Magnetism Actually Keeps You from Falling through the Floor

Understanding the forces around us will effectively help us make better decisions about our environment, both on the large and small scales. Take magnetic forces for instance (these are actually a variety of electrical forces in case you did not know). Magnetic forces have an impact on you at this very moment.

The same repulsive forces that push to opposed poles of magnets away from each other is actually the same force that keeps you from falling through the floor at this moment, or prevents your computer from going through the table. On the other hand, at the molecular level, it is the continual spinning of iron molecules in the same direction that magnifies the force of attraction in a magnet to the point that you can feel it acting on the other magnet even at a distance.

Magnetic forces enable your phone to turn to the correct orientation when you want to show a video clip widescreen. They allow your speakers to produce sound (take a speaker apart sometime and you will quickly find a strong magnet!), and have even been suggested to aid in sleeping if you align your bed with the direction of the earth’s magnetic field (north to south).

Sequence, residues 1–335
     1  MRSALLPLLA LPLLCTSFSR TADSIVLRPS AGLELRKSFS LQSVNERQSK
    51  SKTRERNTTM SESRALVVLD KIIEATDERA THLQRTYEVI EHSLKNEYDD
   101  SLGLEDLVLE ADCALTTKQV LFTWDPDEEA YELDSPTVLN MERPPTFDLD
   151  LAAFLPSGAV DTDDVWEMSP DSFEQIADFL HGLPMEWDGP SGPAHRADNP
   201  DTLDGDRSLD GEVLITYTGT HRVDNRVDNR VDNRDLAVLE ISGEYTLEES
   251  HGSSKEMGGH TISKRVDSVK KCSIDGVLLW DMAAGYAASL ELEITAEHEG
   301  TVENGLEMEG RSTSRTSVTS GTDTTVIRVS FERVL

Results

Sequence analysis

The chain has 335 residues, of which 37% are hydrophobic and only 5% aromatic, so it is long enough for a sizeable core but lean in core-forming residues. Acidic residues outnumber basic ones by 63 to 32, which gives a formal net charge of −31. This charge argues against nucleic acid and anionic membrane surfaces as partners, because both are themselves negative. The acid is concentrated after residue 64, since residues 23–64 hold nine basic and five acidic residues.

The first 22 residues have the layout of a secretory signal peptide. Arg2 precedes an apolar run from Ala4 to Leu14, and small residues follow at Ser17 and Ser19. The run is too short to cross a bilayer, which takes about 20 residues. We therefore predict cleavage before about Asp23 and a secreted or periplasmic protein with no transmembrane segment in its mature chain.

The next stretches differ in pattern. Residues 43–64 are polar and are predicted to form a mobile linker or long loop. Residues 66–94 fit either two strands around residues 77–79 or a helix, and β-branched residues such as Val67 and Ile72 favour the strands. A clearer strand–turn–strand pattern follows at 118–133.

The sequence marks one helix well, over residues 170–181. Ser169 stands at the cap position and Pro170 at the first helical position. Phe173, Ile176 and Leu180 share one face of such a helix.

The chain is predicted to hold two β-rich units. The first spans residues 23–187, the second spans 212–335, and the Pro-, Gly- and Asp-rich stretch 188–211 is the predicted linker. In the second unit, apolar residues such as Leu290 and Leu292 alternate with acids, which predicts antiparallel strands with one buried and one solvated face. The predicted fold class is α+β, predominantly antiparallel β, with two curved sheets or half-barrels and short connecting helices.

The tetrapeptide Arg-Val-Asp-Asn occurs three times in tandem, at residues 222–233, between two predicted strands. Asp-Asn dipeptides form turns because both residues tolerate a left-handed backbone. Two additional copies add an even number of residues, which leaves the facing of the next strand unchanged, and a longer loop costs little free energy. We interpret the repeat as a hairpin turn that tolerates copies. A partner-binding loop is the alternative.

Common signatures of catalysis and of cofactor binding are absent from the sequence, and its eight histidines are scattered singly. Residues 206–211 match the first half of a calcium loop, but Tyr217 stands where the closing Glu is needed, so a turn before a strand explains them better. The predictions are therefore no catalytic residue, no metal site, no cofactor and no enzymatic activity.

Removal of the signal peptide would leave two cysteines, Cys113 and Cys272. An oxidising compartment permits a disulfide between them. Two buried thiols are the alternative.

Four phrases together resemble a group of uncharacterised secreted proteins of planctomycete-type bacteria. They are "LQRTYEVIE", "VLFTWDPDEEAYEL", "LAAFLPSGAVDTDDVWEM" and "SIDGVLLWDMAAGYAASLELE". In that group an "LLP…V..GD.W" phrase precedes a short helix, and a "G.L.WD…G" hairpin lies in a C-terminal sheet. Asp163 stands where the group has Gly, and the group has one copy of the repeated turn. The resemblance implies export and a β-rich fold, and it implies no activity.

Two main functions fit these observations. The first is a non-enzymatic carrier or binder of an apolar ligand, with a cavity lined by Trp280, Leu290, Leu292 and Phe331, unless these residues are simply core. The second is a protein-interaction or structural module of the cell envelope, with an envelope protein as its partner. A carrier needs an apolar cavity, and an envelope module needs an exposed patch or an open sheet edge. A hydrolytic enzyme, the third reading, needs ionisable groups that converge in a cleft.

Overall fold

So the next time you find yourself writing in your journal about the magnetic attraction you have towards someone, thank Isaac Newton for helping establish the basic laws of physics that help us understand just how powerfully one object can pull towards another. And while it is true that another person does have their own literal gravitational pull, it is not exactly enough to justify why you might want to hold onto them so tightly, though it is probably a very good thing that the earth has a powerful hold on everyone, even when they are in love, to prevent them from floating away in happiness.